Faculty Research: Professor Rohit Karnik

In a New Microchip, Cells Separate by Rolling Away


Rohit Karnik Karnik Microfluidic Device
Associate Professor Rohit Karnik in his lab. Karnik’s new microfluidic device isolates target cells (in pink) from the rest of the flow by getting them to stick weakly to the device’s ridges then roll through trenches and into a collection chamber.
Photo Credits: MIT News Office

by Jennifer Chu, MIT News Office


Cell rolling is a common mechanism cells use to navigate through the body. During inflammation, for example, the endothelial cells that line blood vessels present certain molecules that attract white blood cells just enough to divert them from the rest of the vessel’s cellular traffic. White blood cells then roll along the vessel wall, slowing down to help in the healing of inflamed areas.

Researchers at MIT and Brigham and Women’s Hospital – including MIT Professor Rohit Karnik, postdoc Sung Young Choi of MIT, and Jeffrey Karp, Associate Professor at Harvard Medical School and co-director of the Center for Regenerative Therapeutics at Brigham and Women’s – have now designed a cell-sorting microchip that takes advantage of this natural cell-rolling mechanism. The device takes in mixtures of cells, which flow through tiny channels coated with sticky molecules. Cells with specific receptors bind weakly to these molecules, rolling away from the rest of the flow and out into a separate receptacle.

The cell sorters, about the size of postage stamps, may be fabricated and stacked one on top of another to sift out many cells at once – an advantage for scientists who want to isolate large quantities of cells quickly.

“We’re working on a disposable device where you wouldn’t even need a syringe pump to drive the separation,” says Rohit Karnik, Associate Professor of Mechanical Engineering at MIT. “You could potentially buy a $5 or $10 kit and get the cells sorted without needing any kind of [additional] instrument.”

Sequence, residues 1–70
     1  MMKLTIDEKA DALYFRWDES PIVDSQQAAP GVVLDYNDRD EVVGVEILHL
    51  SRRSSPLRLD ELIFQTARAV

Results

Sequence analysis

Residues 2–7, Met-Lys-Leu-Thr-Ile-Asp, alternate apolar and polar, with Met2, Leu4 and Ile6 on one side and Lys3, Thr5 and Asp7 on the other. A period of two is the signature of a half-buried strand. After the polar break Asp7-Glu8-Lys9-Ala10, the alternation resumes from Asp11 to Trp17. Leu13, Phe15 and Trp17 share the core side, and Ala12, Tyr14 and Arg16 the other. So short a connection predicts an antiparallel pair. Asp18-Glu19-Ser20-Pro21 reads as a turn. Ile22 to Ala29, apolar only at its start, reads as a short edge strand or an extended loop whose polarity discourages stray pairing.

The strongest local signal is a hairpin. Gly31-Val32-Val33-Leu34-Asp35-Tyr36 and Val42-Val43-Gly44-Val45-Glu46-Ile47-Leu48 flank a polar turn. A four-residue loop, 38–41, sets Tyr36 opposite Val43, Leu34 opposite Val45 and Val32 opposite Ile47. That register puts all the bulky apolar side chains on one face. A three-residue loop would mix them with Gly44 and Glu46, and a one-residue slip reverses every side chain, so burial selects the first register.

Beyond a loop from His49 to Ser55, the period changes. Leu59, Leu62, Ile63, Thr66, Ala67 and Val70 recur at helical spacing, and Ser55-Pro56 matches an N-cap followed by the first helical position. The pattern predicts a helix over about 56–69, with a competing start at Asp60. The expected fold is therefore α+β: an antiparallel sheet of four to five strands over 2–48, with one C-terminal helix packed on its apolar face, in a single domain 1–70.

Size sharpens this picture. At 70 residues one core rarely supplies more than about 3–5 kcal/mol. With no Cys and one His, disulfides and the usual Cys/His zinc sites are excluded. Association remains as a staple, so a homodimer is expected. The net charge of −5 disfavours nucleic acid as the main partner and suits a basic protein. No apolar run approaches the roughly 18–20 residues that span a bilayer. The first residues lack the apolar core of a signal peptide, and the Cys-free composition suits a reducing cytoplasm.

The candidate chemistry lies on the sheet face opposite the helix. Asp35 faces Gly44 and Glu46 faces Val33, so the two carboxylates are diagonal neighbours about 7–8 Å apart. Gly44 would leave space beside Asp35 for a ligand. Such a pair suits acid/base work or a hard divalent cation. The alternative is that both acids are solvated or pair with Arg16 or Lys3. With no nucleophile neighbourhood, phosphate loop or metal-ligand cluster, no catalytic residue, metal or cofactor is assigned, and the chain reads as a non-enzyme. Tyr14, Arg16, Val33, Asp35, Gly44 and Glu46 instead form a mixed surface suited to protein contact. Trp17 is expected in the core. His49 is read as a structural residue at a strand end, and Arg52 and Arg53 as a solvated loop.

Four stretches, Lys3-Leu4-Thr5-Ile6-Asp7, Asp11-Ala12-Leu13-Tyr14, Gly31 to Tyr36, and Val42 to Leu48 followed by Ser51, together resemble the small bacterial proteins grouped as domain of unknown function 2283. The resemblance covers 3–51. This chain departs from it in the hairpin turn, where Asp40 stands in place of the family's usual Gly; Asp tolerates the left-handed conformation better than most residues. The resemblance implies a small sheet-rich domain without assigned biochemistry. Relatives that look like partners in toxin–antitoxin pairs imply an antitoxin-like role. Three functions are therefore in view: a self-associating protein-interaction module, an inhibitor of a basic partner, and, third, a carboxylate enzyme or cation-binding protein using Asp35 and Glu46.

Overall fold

While current cell-sorting technologies separate large batches of cells quickly and efficiently, they have several limitations.

Fluorescence-activated cell sorting, a widely used technique, requires lasers and voltage to sort cells based on their electric charge – a complex system requiring multiple parts. Researchers have also used fluorescent markers and magnetic beads that bind to desired cells, making them easy to spot and sift out. However, once collected, the cells need to be separated from the beads and markers – an added step that risks modifying the samples.

Going with the flow

Karnik’s team designed a compact cell sorter that requires no additional parts or steps. In concert with MIT’s Robert Langer and others, the team built upon their 2007 work in which they first came up with the sorting-by-rolling principle. The initial proof-of-principle design was relatively simple: Cells were injected into a single inlet, which gave way to a large chamber coated on one side with sticky, roll-inducing molecules. The incoming cells flowed through the chamber; the cells that bound to the molecules rolled to one side, then out to a collection chamber.

However, the researchers found that in order to allow target cells to first settle on the chamber’s surface, long channels were required, which would make the device too large. Instead, Choi came up with a surface pattern that causes cells to circulate within the chamber. The pattern comprises 10 parallel channels with 50 ridges and trenches, each ridge about 40 microns high. The researchers coated the ridges with P-selectin, a well-known molecule that promotes cell rolling. They then injected two kinds of leukemia cells: one with receptors for P-selectin, the other without.

They found that once injected, the cells entered the chamber and bounced across the top of the ridges, exiting the chip through an outlet. The cells with P-selectin receptors were “caught” by the sticky molecule and flipped into trenches that led to a separate receptacle. Through their experiments, the team successfully recovered the cells they intended to sift out with 96 percent purity.
Karnik says the device may be replicated and stacked to sort large batches of cells at relatively low cost. He and his colleagues are hoping to apply the device to sort other blood cells, as well as certain types of cancer cells for diagnostic applications and stem cells for therapeutic applications.In the future, Karnik envisions tailor-made cell rolling, designing molecules and surfaces that weakly adhere to any desired type of cell.

“It’s really the ability to design molecules to separate cells of interest that will be powerful,” Karnik says. “There’s no reason to believe it cannot be done, because nature has already done it.”


Read the published paper here: http://rsc.li/UkPpvd

Read the full MIT News article: http://bit.ly/12hAaYz